From the neon-lit streets of Tokyo, where the Bōsōzoku (暴走族)tear through the night with their vibrant displays of rebellion, to the North-South Expressway flanked by palm tree plantations, where the Mat Rempit weave through traffic with audacious skill, motorcycle subcultures have left an indelible mark across the globe. In Great Britain, the Mod epitomize style and sophistication, while in America, the Outlaw motorcycle clubs command both fear and fascination with their outlaw ethos. Yet, amidst this rich tapestry of motorcycle culture.

Singapore has its own storied history that should not be overlooked – the era of the Hell Riders. These daring riders of the 1970s and 1980s carved their own path through the streets of Singapore, defying societal norms and embracing a lifestyle of freedom and rebellion. As we delve into the world of motorcycle subcultures, let us not forget the unique legacy of Singapore’s sub-cultural landscape.

Hardcore Hell Riders, backed by stone-throwing fans, roared into action again at ‘Orchard Circuit’, but their bravado ended when the police mounted their biggest crackdown. Picture shows a police van arriving to disperse the crowd.

The Hell Riders, the term coined by the media, comprising youths aged 16 to 22 from diverse backgrounds. They rode modified motorcycles, typically in the 125cc to 350cc range, with alterations like louder exhaust pipes. Identified by their distinctive crash helmet markings. Organized circuit races, often involving gambling syndicates, were common, held at locations like Changi Coastal Road and Orchard Road-Penang Road. Despite crackdowns, reported cases of hell-riding increased, contributing to rising fatalities and injuries attributed to reckless driving and poor road conditions. The culture revolved around clandestinely organized races attracting significant spectatorship, often frequented by gambling syndicates sponsoring riders as ‘jockeys’, yet efforts to curb activities were largely ineffective as mortality rates among motorcyclists soared.

A jeering crowd stoned a patrol car when police cracked down hard on Hell Riders racing along ‘Orchard Circuit’. Picture shows two Hell Riders speeding in Penang Road at 2 am.

In response to escalating hell-riding activities during the 1970s, Singapore enacted stringent measures through the Road Traffic Act, penalizing reckless driving with fines, imprisonment, and license disqualification. Additional measures were implemented, including a ban on learner riders from the roads starting October 1985, who were subjected to comprehensive skills tests at the Ang Mo Kio driving and riding circuit. Regular motorcycle inspections at the Registry of Vehicles were also mandated, with offenders penalized for minor modifications. These concerted efforts resulted in a significant decrease in motorcyclist deaths, dropping below 100 for the first time since 1981 by 1985, contributing to Singapore’s lowest road death rate in 31 years by 1987.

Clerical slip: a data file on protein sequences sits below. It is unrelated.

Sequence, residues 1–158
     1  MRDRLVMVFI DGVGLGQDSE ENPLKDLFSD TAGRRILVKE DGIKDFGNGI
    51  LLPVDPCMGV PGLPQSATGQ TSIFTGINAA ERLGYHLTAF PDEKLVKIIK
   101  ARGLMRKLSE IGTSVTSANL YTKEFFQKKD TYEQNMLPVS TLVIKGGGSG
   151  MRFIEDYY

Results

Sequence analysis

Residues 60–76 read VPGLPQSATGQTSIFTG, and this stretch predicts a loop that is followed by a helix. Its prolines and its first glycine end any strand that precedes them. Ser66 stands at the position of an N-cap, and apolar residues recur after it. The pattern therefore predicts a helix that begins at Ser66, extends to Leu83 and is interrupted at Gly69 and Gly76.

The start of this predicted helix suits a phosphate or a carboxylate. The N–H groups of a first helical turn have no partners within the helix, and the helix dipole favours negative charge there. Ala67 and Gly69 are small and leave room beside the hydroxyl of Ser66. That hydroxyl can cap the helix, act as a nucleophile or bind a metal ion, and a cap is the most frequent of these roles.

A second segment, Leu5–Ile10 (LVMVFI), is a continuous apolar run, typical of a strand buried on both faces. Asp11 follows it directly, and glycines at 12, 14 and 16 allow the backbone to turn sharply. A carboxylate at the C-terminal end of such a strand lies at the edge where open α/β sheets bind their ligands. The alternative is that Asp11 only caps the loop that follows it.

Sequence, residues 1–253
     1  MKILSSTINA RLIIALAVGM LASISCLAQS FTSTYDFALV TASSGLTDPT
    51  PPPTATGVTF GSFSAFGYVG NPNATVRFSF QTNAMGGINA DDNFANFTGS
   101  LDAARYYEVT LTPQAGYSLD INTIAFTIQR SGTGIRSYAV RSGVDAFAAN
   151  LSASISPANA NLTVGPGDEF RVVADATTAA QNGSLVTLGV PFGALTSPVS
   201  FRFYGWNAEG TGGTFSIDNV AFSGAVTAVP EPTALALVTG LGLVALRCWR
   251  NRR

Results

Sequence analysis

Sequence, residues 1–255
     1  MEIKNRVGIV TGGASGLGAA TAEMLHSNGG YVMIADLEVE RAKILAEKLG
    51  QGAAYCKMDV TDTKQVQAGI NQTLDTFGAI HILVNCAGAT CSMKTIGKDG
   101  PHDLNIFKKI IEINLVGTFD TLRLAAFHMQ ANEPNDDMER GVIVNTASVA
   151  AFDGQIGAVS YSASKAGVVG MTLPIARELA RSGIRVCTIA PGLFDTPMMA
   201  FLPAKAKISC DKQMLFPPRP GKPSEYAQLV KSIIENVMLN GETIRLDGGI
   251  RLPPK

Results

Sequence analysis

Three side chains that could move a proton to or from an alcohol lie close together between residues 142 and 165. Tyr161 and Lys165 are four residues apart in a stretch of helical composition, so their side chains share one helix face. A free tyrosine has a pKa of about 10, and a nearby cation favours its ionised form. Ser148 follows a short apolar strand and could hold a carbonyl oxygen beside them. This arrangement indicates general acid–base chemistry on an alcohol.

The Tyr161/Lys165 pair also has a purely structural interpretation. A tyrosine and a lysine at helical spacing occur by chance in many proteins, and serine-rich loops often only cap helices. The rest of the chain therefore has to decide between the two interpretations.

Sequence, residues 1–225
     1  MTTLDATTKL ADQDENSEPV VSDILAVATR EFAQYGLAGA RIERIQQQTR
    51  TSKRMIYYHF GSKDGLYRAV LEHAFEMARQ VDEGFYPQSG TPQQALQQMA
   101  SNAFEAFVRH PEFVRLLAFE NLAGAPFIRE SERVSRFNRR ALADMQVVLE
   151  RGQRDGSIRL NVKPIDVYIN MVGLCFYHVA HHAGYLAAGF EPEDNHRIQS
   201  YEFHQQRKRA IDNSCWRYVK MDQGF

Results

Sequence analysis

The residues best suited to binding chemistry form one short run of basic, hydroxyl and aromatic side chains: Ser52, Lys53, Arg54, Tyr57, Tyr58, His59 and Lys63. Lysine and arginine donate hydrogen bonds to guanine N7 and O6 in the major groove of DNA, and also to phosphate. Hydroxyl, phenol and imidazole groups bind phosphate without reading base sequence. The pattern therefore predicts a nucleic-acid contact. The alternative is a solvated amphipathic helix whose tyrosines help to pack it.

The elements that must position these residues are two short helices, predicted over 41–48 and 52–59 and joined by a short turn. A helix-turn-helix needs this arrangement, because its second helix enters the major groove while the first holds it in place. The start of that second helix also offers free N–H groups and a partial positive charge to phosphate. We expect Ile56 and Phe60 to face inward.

Some 50 motorcyclists who call themselves ‘Hell Riders’ were rounded up in a traffic police raid in Sims Avenue in the early morning.

By the end of the 1980s, hell-riding activities were effectively curbed, marking a shift in motorcycle culture in Singapore.

More than 40 youngsters, including several teenage girls, were detained by riot squad troops who were called out to disperse a large crowd watching an illegal race by ‘Hell-Riders’ in Penang Lane. At least two supercharged motorcycles believed to have been stolen and found abandoned in the area were seized in the raid.

During the 2010s, a fresh era began with the emergence of recreational motorcycle groups, known for their coordinated overland road trips, charitable rides during significant events, and a strong emphasis on camaraderie among riders who share a passion for specific bike makes. The popularity of the “Long Way Round” documentary by Ewan McGregor and Charley Boorman also played a significant role in popularizing motorcycle travel, inspiring more riders to embark on adventurous journeys.This marked a notable departure from the infamous hell-riding gangs, signifying a positive transformation in Singapore’s motorcycle fraternity.

And poof! Conspiratorially vanished too are the days of snagging a COE for a measly dollar!



The Hell Riders have made a resurgence and continue to exist today, albeit with a focus on expressing their ethos rather than defiance. Injects new vitality into the local motorcycle community and inspire others to embrace the thrill of the open road.

What if, we can reimagine…

Continue Reading : RE /IMAGINE : Journey Through The Present Future

Leave a Reply